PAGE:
Associated Press

MADISON, Wis. (AP) _ The Legislature’s budget-writing committee voted Friday to cut the University of Wisconsin’s budget by $250 million and eliminate tenure protections for faculty from state law _ moves derided by Democrats who argued the changes would hurt both higher education and the state’s economy.

The Republican-controlled Joint Finance Committee, on a party line vote, also approved continuing a tuition freeze for two more years and rejected Gov. Scott Walker’s plan to give UW more independence from state laws and oversight.

Instead, more limited flexibilities would be given to UW to save money on purchasing and the university would be exempt from state rules on building projects funded entirely through gifts or grants. Republicans expressed remorse about the cut, but said the flexibilities would help UW deal with it. The cut was $50 million less than Walker proposed.

“The university doesn’t deserve this cut,” said Sen. Luther Olsen, a Republican from Ripon. “This is just reality.”

The provisions were added to the state budget, which the committee is likely to complete next week. From there, it heads to the Senate and Assembly, both controlled by Republicans, where it could be changed before it’s voted on next month. Walker can then make extensive changes through his broad veto power.

About a dozen protesters were removed by police throughout the meeting for speaking out against the committee’s moves.

Sen. Alberta Darling, the other co-chair, called the entire proposal part of a new partnership between UW and the Legislature “based on trust and relationships.”

UW System President Ray Cross echoed that comment, saying he was grateful that the cut was to be reduced and along with the new flexibilities “illustrates a willingness to open a new dialogue and partnership between the Legislature and the UW System.”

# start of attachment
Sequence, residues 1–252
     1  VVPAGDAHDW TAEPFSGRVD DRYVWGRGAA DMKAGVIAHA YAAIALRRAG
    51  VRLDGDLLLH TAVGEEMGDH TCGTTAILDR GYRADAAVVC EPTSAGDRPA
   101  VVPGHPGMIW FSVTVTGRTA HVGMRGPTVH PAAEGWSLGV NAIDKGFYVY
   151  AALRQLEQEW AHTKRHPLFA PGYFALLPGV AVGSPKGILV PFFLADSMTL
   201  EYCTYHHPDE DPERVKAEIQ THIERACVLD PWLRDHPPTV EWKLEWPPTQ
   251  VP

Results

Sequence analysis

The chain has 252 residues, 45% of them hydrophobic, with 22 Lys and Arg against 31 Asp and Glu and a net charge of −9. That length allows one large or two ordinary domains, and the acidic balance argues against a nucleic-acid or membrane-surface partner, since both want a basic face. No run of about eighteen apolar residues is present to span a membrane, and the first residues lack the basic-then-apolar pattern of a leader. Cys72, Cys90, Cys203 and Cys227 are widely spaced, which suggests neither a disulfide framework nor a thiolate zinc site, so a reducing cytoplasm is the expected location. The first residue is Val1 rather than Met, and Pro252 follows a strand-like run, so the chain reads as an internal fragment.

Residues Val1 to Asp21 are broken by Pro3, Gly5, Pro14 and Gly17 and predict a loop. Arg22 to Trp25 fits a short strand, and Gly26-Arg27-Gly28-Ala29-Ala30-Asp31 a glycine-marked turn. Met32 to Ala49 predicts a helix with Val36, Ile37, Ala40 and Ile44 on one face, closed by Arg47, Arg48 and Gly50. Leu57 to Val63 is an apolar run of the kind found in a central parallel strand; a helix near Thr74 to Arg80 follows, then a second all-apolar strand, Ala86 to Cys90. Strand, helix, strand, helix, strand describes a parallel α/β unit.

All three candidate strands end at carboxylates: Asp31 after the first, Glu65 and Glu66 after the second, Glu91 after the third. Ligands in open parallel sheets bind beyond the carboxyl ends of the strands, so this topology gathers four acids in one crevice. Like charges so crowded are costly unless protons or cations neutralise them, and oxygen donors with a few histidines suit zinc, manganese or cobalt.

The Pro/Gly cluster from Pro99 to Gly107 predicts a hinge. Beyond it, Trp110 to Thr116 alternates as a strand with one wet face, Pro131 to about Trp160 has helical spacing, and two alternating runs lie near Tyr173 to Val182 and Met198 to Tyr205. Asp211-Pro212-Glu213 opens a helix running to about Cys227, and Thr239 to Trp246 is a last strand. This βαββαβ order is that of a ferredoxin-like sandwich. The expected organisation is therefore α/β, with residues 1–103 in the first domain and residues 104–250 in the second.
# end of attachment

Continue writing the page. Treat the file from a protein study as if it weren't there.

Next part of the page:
UW had pushed for years for that independence to help deal with the budget cut given that it can’t raise tuition on in-state students. The 13 four-year and 13 two-year institutions in the UW System have been announcing layoffs and other budget cuts to deal with a $300 million reduction.

The proposal would remove tenure protections from law, leaving it to the UW Board of Regents to restore. The board, whose members are appointed by Walker, could also fire any staff or tenured faculty member.

Cross and board vice president Regina Millner promised to immediately incorporate tenure into its policy.

The committee also voted to make changes to shared governance provisions, taking power away from faculty, students and staff to have a voice in campus decisions and giving more authority to campus chancellors and the UW System Board of Regents.

Democrats tried to undo all the cuts, but didn’t have the votes.

“People don’t like these cuts,” said Rep. Chris Taylor, a Democrat from Madison. “They don’t want to cut our public education system.”

Walker’s original proposal included the cuts tied with a tuition freeze and a transformation of UW’s organizational structure into a new model known as a public authority. Walker cast it as an extension of the 2011 law known his signature legislative achievement that essentially ended collective bargaining for most public workers, including K-12 teachers.

Walker is expected to launch a presidential run once he signs the budget into law late next month or in July.

His plan for UW ran into opposition from Republicans who were reluctant to cede so much authority to the university, in part over fears that it would lead to higher tuition increases.

Walker had wanted to limit future tuition increases after two years to no more than the rate of inflation. The committee was not going to go along with those limits.

Republican Sen. Steve Nass, of Whitewater, said that was bad news for the middle class and the move sends “a green light to UW Administrators that the sky-is-the-limit on tuition in fall 2017.”

Other states have been investing more money in higher education after years of cuts. This year, only five other states _ Arizona, Illinois, Louisiana, Connecticut and West Virginia _ are considering higher education cuts.

In the past decade, state spending on higher education per student in Wisconsin dropped 20.3 percent compared with 5.9 percent nationally, according to data provided by the nonpartisan Legislative Fiscal Bureau.

The 26 institutions in the UW System serve about 180,000 students statewide.